Amy Winehouse’s Death — And Her The Full Story

Amy Winehouse’s Death & Life Story

Amy Winehouse’s Death

by Ricardo Walter

Amy Winehouse, a British soul singer, died in her London home in 2011 at the age of 27 from alcohol poisoning.

Amy Winehouse channeled her love of soul and jazz into an eclectic form of pop that resonated with countless people before her long downward spiral ended with her death. While “Rehab” was a worldwide hit, it also alluded to her very real struggles with substance abuse. Amy Winehouse, who was only 27 years old when she died of alcohol poisoning in her London home on July 23, 2011, succumbed to her demons.

Though many people around the world were saddened by her sudden death, few were surprised, especially those who knew her best. Finally, the story of Amy Winehouse’s death was tragically foreshadowed by her life.

New York Post

In 2006, “rehab” may have raised some red flags, but the warning signs soon became more visible in the public eye. Winehouse’s reliance on drugs to quiet the noise grew as the spotlight of fame grew harsher. Meanwhile, the paparazzi followed her every move, with photos of her and her husband, Blake Fielder-Civil, strewn across glossy magazines.

Winehouse was a boozehound and a pothead long before she became famous. However, by the time she became a global celebrity, she had begun to experiment with hard drugs such as heroin and crack cocaine. She was frequently too drunk to get on stage and perform near the end.

LONDON – MAY 22: Amy Winehouse looks on during the 53rd Ivor Novello Awards after she won Best Song Musically and Lyrically at the Dorchester Hotel on May 22, 2008 in London, England. (Photo by Chris Jackson/Getty Images)

As the Academy Award-winning documentary Amy explored, her own father famously hesitated to send her to rehab when she needed it the most. But he wasn’t the only one in Winehouse’s circle who was held responsible for her downfall. Fingers were pointed in all directions after her death.

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Amy Winehouse’s death came just a month after she canceled what was supposed to be a comeback tour to save her own life. It was too late at that point.

Amy Winehouse’s Early Life


Amy Jade Winehouse was born in London, England, on September 14, 1983. She grew up in a middle-class family in the Southgate neighborhood and aspired to be a well-known musician from an early age. Her father, Mitch, used to sing Frank Sinatra songs to her, and her grandmother, Cynthia, was a former singer who encouraged her to pursue her dreams.

When Winehouse was nine years old, her parents divorced. Seeing their marriage fall apart at such a young age instilled in her a sense of melancholy that she would later brilliantly express in her music. Winehouse was clear in her desire to have her beautiful voice heard. She applied to the Sylvia Young Theater School when she was 12 years old, and her application revealed everything.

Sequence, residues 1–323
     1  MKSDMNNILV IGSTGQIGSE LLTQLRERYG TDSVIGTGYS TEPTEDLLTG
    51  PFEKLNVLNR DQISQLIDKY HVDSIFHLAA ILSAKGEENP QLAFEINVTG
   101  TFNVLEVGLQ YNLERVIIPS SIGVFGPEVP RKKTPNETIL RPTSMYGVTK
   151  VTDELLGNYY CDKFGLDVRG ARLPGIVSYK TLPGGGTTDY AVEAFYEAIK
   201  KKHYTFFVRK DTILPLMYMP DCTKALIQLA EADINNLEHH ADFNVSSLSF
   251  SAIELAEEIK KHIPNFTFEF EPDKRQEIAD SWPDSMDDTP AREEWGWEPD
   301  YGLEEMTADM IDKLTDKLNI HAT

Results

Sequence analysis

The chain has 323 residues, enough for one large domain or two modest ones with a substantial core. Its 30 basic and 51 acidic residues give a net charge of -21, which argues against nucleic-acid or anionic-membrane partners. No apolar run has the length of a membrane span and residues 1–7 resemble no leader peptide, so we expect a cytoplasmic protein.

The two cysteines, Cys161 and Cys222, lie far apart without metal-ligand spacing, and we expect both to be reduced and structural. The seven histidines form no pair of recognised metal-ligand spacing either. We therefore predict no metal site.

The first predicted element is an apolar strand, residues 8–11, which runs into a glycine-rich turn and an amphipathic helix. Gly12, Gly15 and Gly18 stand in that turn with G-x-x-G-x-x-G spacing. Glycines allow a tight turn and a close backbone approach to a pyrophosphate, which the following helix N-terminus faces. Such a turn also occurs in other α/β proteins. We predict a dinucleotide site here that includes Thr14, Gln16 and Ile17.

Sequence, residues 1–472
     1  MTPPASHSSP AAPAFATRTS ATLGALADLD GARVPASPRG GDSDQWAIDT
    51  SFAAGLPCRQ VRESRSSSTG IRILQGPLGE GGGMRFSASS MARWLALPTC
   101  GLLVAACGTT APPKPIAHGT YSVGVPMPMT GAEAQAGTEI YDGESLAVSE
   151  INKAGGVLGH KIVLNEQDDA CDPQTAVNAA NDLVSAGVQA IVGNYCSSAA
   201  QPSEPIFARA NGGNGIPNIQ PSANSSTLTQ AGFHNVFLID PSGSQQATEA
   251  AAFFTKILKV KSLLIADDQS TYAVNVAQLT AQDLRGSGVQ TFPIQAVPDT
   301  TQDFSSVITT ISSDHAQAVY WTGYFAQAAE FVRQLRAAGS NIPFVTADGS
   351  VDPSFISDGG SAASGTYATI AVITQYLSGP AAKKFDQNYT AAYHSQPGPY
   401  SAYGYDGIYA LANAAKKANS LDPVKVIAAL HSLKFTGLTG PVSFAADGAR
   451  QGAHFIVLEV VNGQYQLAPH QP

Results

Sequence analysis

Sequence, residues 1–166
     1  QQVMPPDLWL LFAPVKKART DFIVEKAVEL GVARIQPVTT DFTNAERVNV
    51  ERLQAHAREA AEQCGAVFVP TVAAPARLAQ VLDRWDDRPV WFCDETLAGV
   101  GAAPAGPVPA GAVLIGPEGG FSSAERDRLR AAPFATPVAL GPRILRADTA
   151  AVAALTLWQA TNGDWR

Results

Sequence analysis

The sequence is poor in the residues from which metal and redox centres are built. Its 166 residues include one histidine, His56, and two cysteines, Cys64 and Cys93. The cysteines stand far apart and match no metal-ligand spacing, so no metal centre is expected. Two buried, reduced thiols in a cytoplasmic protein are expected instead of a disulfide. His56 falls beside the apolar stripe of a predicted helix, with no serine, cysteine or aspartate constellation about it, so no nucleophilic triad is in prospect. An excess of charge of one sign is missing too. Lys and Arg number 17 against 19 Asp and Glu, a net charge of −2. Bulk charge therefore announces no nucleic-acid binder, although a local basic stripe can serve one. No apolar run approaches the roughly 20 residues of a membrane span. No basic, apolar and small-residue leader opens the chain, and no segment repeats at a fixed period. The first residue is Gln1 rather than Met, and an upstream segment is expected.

She wrote: “I want to go somewhere where I will be pushed to my absolute limits and possibly beyond.” To be able to sing in class without being told to quiet down… But I primarily aspire to be well-known. To do stage work. It’s a goal I’ve had for a long time. I want people to hear my voice and… for five minutes… forget about their problems. “

Amy Winehouse dreamt of stardom from a young age.

Amy Winehouse took charge of her own destiny, writing songs at the age of 14 and even forming a hip-hop group with her friends. But it was at the age of 16 that she got her foot in the door when a fellow singer forwarded her demo tape to a label looking for a jazz vocalist.

This tape led to her first record deal, which she signed when she was 19 years old. She released her debut album, Frank, to critical acclaim a year later, in 2003. Winehouse won a number of awards for the album in the United Kingdom, including the prestigious Ivor Novello award. However, she was already gaining a reputation as a “party girl” at the time.

Unfortunately, the true extent of her addictions would soon be revealed—and would skyrocket after she met Blake Fielder-Civil.

A tumultuous relationship with drugs and alcohol

Amy Winehouse’s dream seemed to be coming true when her album reached number three in the British charts. Despite her success, she began to feel nervous in front of her audience, which was steadily growing. She spent a lot of time in local pubs in London’s Camden neighborhood to unwind. It was there that she met Blake Fielder-Civil, her future husband.

Amy Winehouse performing in 2004, before she became an international superstar.

Despite the fact that Winehouse was instantly smitten by Fielder-Civil, many people were wary of the new relationship. Amy’s first manager, Nick Godwyn, recalled, “Amy changed overnight after she met Blake.” “She just had a completely different tone to her voice.”Her demeanor shifted away from me.” And it appeared to me that the drugs were to blame. She smoked weed when I met her, but she thought people who used class-A drugs were stupid. “She used to make fun of them.”

Amy Winehouse was introduced to crack cocaine and heroin by Fielder-Civil, who later admitted as much. After Winehouse’s second album, Back to Black, catapulted her to international fame in 2006, the reins were truly let go. The couple had been on-again, off-again for a long time before eloping and getting married in Miami, Florida in 2007.

The couple’s two-year marriage was rocky, with a slew of public arrests for everything from drug possession to assault. The couple dominated the newsstands, and it wasn’t always for the best. However, because Winehouse was the center of attention, the majority of the focus was on her.

She’s only 24,” The Philadelphia Inquirer wrote in 2007, “with six Grammy nominations, crashing headfirst into success and despair, with a codependent husband in jail, exhibitionist parents with questionable judgment, and the paparazzi documenting her emotional and physical distress.”

While Back to Black focused on substance abuse, it also revealed Winehouse’s refusal to go to rehab, a decision that her own father appeared to support. At the time, it appeared that continuing to work was more important. That theory was allegedly confirmed when the album became her most successful, with her winning five of the six Grammys for which she was nominated.